Critical pollution in the Po Valley: from warnings to progress

Critical pollution in the Po Valley: from warnings to progress

Copernicus: the risks related to PM10 and PM2.5 in recent weeks

Recent studies conducted by the Copernicus Atmosphere Monitoring Service (CAMS), a program of the European Union, shed new light on the dangers of air pollution in the Po Valley, focusing mainly on PM10 and PM2.5 levels. The hourly PM10 concentrations in the area during January 2024 highlight the complexity of the situation. The meteorological conditions and the peculiar topography of the Valley contribute to the accumulation of particulate matter, worsening air quality, especially during periods of meteorological stagnation.

Smog alert: data from the last few weeks

The latest information reveals a dramatic increase in particulate pollution levels, regardless of the indicator used (PM2.5, PM10, ozone, nitrogen dioxide). Data from various Italian regional agencies (ARPA Lombardia, ARPAe, ARPA Veneto)  converge in highlighting skyrocketing air pollution, exceeding safety limits for human health.

The most recent data released by ARPA highlights a worrying situation, with PM10 continuing to exceed the reference values ​​and the critical threshold of 50 micrograms per cubic meter. In the readings of the control units in Milan and the province, the levels fluctuate between a minimum of 73 and a maximum of 122, while in Monza and Brianza it reaches 111, in Como 78, in Lecco 100 and in Varese 94. Starting from Sunday 20th February, Lombardy implemented anti-smog measures in nine provinces. Indeed, the need to address this environmental emergency is evident and anti-smog measures represent an important step towards improving air quality in the region.

What are the causes of the persistence of pollution in the Po Valley?

There are many reasons for this increase in pollution. The Po Valley, surrounded by the Alps and the Apennines, has limited ventilation and poor air circulation, accentuating the accumulation of pollutants during periods of unfavorable weather conditions. High population density, with a high number of vehicles and housing, further contributes to the problem.

In addition, the presence of significant intensive livestock farms and agricultural crops that use fertilizers contributes to the production of nitrogen oxides, another key element in the formation of particulate matter. In fact, studies conducted by Greenpeace indicate that intensive farming produces more smog than cars, highlighting the complexity of the sources in this area.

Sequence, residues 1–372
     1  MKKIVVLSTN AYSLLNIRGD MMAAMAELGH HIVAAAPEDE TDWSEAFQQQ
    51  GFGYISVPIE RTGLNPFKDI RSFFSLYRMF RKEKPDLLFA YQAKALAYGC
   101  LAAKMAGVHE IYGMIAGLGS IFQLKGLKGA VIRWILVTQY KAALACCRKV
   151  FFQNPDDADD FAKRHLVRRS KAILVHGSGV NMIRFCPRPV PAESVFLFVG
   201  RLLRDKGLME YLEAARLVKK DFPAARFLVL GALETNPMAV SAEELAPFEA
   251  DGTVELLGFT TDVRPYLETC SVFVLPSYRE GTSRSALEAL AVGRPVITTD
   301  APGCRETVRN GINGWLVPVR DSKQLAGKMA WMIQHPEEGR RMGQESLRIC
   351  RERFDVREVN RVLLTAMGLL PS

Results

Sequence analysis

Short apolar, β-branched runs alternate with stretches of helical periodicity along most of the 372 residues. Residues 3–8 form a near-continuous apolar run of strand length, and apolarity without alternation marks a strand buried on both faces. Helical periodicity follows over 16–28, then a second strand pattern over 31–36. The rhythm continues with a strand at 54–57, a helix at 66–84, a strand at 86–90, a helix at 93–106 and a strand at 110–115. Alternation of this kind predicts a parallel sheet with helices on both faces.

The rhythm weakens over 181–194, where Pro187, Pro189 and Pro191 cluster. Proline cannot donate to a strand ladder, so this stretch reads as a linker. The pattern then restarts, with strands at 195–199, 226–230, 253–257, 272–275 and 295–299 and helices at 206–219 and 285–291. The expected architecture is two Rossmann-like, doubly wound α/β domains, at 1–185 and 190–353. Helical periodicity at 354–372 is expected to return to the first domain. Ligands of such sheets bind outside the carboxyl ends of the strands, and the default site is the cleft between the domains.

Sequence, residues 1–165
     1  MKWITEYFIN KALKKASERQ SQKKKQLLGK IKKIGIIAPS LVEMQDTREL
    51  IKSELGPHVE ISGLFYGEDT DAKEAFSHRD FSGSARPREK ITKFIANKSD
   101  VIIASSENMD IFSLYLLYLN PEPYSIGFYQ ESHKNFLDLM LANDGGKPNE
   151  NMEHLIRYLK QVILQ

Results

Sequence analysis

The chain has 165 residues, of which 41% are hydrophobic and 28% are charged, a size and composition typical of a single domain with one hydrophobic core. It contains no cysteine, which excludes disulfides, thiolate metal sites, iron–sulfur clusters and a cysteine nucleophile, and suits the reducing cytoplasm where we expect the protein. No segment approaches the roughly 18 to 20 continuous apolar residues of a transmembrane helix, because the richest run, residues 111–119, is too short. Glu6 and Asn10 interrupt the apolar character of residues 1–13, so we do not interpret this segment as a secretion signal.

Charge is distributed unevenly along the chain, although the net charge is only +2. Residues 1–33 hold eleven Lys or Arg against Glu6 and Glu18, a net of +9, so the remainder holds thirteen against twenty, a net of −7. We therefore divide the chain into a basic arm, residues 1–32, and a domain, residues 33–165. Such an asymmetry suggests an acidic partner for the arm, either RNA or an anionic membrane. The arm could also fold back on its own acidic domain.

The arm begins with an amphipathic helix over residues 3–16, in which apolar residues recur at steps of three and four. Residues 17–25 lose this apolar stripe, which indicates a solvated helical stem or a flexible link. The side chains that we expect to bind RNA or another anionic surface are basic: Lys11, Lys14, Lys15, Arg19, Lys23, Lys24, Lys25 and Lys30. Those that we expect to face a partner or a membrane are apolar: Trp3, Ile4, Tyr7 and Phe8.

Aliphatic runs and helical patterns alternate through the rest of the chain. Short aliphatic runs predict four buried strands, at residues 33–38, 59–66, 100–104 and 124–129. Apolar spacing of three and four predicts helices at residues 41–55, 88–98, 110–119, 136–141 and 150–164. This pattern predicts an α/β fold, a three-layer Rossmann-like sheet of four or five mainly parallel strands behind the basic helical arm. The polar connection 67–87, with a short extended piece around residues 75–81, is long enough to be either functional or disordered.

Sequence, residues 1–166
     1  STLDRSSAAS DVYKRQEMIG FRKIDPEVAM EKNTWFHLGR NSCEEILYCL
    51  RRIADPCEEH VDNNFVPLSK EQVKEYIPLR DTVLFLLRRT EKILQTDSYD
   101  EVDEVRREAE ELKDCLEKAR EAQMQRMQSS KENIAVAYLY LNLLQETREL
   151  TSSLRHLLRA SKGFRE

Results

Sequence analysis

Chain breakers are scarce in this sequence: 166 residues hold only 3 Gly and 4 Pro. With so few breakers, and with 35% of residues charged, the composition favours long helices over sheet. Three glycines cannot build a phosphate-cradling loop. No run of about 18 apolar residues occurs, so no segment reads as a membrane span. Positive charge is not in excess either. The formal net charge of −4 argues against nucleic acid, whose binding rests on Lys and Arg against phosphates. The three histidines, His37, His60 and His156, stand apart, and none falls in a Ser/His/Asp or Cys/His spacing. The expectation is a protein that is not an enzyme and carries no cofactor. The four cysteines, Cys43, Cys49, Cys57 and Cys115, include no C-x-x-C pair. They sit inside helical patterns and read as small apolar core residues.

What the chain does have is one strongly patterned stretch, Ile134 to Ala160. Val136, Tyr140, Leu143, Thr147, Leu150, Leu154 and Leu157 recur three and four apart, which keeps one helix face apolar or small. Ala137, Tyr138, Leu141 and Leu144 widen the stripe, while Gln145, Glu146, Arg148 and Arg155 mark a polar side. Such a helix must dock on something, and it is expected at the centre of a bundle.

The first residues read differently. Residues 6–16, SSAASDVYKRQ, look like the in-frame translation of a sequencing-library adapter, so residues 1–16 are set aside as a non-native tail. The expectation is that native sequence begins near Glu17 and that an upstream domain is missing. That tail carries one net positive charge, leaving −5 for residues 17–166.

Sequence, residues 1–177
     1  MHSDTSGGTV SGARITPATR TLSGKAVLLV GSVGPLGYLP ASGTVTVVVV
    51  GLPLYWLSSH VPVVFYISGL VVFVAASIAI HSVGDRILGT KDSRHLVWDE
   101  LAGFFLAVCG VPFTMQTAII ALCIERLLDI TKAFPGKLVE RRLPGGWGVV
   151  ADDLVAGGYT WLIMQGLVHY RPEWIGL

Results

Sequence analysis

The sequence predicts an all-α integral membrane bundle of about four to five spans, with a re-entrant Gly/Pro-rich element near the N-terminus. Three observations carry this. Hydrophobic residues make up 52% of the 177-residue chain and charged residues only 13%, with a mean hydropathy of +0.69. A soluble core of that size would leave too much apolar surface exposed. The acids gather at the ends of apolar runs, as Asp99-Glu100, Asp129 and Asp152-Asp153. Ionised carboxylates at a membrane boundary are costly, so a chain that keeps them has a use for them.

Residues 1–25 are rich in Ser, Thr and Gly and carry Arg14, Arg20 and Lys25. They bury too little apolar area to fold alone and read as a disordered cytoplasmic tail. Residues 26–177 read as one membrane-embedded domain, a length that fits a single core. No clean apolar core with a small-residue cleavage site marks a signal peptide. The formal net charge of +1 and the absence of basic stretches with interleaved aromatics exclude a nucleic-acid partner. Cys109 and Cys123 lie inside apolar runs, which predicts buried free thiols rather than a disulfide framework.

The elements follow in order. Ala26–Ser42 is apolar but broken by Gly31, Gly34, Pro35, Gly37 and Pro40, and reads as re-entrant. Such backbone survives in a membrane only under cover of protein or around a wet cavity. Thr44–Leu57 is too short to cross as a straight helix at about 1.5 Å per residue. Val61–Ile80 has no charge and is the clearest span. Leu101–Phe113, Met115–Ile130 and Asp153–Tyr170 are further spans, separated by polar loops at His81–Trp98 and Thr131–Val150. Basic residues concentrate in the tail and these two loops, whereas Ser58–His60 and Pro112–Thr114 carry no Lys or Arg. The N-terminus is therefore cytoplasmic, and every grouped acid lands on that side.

Latest data: rainfall improves air quality

After a week marked by high levels of air pollution, a finally positive turnaround is recorded. The weather disturbance that began over the weekend and is still ongoing has had a beneficial impact on the levels of pollutants in the air. The outlook for this week is of a constant improvement in environmental quality, thanks to the continuous rains. In fact, the series of disturbances that are crossing the Po Valley, bringing precipitation and snow to the Apennines and the Alps, are contributing to lowering the levels of atmospheric pollutants.

The need for immediate action: reduce direct emissions

Given the criticality of the situation and the concomitance with climate change, which causes the alternation of long periods of drought with long periods of rainfall, direct emissions of particulate matter need to be halved to address the critical concentration in the Po Valley. Massive interventions are needed, with considerable resources to invest, for example, in strengthening public transport, making buildings more energy efficient and in agriculture. Only through an integrated and determined approach can we hope to address this emergency and guarantee healthier air for the Po Valley and its communities.

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    Valeria Menichini

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